This Kind of Exercise Can Reduce Men’s Cancer Risk, Says New Study

A uniquely compelling new study suggests fitness in your years of youth has the power to prevent numerous cancers down the road.

There are so many health benefits of regular exercise, and the cardiovascular health benefits often get the most attention—but a growing body of research is highlighting a link between physical fitness and lower cancer risk. Now, a new study from the University of Gothenburg in Sweden published in August 2023 in the peer-reviewed British Journal of Sports Medicine reveals a striking correlation between cardiorespiratory fitness in the teenage years and a lowered risk of several cancers in adulthood.

Cardiorespiratory fitness refers to how well the heart and lungs work together to provide energy during prolonged physical activity and to clear away fatigue-causing products afterward. This fitness is often built through aerobic exercises like running, cycling, and swimming—all worthy pastimes, as the Centers for Disease Control and Prevention suggests cardiorespiratory wellness is a key aspect of overall physical health.

Aron Onerup, MD, PhD, a postdoctoral researcher at the University of Gothenburg and St. Jude Children’s Research Hospital, was one of the study’s authors. In a press release, Dr. Onerup highlighted the study’s importance, stating, “A good level of fitness seems to be able to reduce the risk of many types of cancer, as well as leaving individuals better equipped for successful treatment results if they develop cancer.”

Here’s more background that might inspire you to stay moving.

How the study worked

The research team analyzed data from a massive cohort of over a million Swedish men. All these individuals underwent mandatory military enlistment between 1968 and 2005, with an average age hovering around 18 years.

Because the study spanned several decades and used such a large sample of people, its findings are considered uniquely credible.

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Cardiorespiratory fitness today, lower risk of cancers tomorrow

According to the research, physical fitness in youth seems to be a fierce adversary against several cancers. The study noted that men with commendable fitness levels at 18 showed significantly reduced risks in later years of developing cancers of the following physiological sites:

  • the head, neck and esophagus
  • stomach
  • pancreas
  • liver
  • colon
  • rectum
  • kidney
  • lungs

The gastrointestinal tract, in particular, reaped the benefits of early-life fitness. Men who were fit in their youth experienced around a 40% lower risk of esophageal and liver cancers. Cancers of the stomach and colon followed suit, with a roughly 20% risk reduction.

However, the narrative took an intriguing twist when the study revealed higher diagnosis rates for prostate and skin cancers among fitter individuals. A plausible explanation from the researchers is that men with higher fitness levels tend to be more proactive about their health, opting for regular screenings that help lead to earlier detection of prostate cancer and skin lesions so they can be treated before they progress or metastasize. (Note: If you enjoy exercising outdoors, it’s always wise to wear sunscreen, including on your scalp, along with sun-protective clothing.)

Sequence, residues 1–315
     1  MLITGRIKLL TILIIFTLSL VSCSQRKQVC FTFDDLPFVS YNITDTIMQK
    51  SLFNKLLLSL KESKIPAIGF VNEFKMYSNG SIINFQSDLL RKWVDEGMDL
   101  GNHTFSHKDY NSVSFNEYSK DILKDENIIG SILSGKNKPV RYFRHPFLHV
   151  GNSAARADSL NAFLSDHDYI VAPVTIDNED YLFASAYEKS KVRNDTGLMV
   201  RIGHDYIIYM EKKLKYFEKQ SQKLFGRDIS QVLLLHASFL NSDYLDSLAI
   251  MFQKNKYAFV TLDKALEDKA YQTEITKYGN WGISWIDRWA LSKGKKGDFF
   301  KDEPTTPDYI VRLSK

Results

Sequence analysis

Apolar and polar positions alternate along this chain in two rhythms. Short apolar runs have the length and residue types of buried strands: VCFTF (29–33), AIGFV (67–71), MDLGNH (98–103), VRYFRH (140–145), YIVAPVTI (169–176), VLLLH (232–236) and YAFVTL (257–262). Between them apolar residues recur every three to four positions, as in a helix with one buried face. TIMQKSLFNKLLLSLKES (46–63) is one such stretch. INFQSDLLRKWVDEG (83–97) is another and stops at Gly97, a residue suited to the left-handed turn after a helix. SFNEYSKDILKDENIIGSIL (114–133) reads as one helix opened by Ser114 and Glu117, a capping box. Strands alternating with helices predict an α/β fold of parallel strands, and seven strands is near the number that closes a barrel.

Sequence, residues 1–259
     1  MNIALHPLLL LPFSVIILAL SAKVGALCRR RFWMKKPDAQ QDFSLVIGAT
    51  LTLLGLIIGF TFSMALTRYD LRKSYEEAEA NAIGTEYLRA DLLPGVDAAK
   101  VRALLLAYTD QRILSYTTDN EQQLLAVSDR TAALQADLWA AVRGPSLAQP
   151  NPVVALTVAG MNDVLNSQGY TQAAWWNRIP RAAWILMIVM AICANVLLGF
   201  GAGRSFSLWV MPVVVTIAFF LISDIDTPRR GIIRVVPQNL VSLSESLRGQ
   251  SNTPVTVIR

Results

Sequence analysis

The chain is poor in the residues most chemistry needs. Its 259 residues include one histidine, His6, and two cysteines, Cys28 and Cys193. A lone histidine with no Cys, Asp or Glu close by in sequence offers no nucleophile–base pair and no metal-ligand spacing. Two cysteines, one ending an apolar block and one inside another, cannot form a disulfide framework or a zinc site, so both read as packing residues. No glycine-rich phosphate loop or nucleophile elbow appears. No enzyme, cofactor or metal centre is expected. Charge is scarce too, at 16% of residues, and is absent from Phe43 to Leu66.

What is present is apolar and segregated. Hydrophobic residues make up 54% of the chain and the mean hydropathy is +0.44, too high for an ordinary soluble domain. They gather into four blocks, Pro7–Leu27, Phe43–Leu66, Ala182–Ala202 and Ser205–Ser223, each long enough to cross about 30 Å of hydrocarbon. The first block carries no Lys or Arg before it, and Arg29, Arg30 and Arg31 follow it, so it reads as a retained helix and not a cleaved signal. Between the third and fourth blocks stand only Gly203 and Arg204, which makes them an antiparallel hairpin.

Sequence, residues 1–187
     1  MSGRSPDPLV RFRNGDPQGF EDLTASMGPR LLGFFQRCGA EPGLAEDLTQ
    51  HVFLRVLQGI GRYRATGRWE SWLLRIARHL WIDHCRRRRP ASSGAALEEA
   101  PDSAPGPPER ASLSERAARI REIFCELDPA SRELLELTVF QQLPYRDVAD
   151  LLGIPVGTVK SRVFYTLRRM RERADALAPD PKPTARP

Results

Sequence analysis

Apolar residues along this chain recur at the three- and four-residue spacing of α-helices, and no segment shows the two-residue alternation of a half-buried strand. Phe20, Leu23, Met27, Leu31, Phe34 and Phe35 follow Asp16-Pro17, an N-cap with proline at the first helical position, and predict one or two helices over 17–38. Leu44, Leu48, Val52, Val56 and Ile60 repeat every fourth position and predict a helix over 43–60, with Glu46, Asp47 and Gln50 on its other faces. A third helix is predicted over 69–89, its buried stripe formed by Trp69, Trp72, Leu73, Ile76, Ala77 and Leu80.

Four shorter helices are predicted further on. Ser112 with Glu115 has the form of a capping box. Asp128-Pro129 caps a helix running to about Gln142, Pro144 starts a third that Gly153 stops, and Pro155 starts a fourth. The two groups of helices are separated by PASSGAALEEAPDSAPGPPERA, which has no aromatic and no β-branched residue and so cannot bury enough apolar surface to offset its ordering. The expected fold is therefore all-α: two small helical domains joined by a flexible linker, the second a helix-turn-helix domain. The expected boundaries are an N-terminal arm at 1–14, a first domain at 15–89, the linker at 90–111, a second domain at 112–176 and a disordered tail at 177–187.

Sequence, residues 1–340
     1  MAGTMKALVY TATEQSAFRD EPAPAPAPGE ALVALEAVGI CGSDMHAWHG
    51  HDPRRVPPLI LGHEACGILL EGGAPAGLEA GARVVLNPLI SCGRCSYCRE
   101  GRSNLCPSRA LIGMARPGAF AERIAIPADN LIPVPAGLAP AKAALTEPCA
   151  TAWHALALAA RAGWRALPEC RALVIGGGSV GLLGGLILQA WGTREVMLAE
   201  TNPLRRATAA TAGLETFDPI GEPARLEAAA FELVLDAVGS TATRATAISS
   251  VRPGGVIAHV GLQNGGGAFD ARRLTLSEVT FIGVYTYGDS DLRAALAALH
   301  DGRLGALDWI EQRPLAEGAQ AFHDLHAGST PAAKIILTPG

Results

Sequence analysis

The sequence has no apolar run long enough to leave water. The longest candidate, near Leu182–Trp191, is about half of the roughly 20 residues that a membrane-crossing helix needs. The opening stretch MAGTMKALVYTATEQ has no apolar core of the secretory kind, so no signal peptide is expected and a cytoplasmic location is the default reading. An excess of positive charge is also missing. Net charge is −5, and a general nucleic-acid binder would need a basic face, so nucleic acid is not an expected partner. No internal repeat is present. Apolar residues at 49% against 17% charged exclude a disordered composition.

A significant portion of the aerobically fit individuals were likely non-smokers, which might help explain a reduced lung cancer risk.

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A longitudinal commitment to fitness

The ramifications of these findings can inform public health strategies. Maria Åberg, MD, professor in general medicine at Sahlgrenska Academy at the university, says these results should spur younger generations to embrace physical activity.

However, while the findings champion the merits of early fitness, they also serve as a reminder of its enduring importance. Mats Börjesson, MD, professor in sports physiology at the university and senior author of the study, warns against letting the demands of life slow down your exercise routine over time. He stresses: “Lifestyle habits are established early, and often remain stable throughout life. The study should not be interpreted as suggesting that it is enough to exercise when young. We believe that it is also of great importance later in life.”

The University of Gothenburg’s study makes it clear: While early-life fitness can be a shield against many cancers, health is a life-long pursuit. To truly harness the benefits of exercise, remain committed to physical fitness for as long as you can move.

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Medically reviewed by Latoya Julce RN, BSN, on November 17, 2023

Dr. Patricia Varacallo, DO
Tricia is a doctor of osteopathy with experience in primary healthcare. She received her medical degree from the Lake Erie College of Osteopathic Medicine and conducts clinical research in Sports Medicine and Orthopedics, as she is motivated by the desire to contribute to the development of innovative treatments and therapies. She is also a certified lifestyle coach for the CDC-recognized National Diabetes Prevention Program, empowering individuals to make lasting, healthy lifestyle changes. Dr. Varacallo loves to write— especially about health, wellness, and grief. Drawing from her own experiences of loss and caregiving, she loves to offer support and encouragement to those navigating their own grief journeys. Outside of her professional life, she enjoys traveling and exploring the sunny beaches of Florida with her significant other, always ready for their next adventure.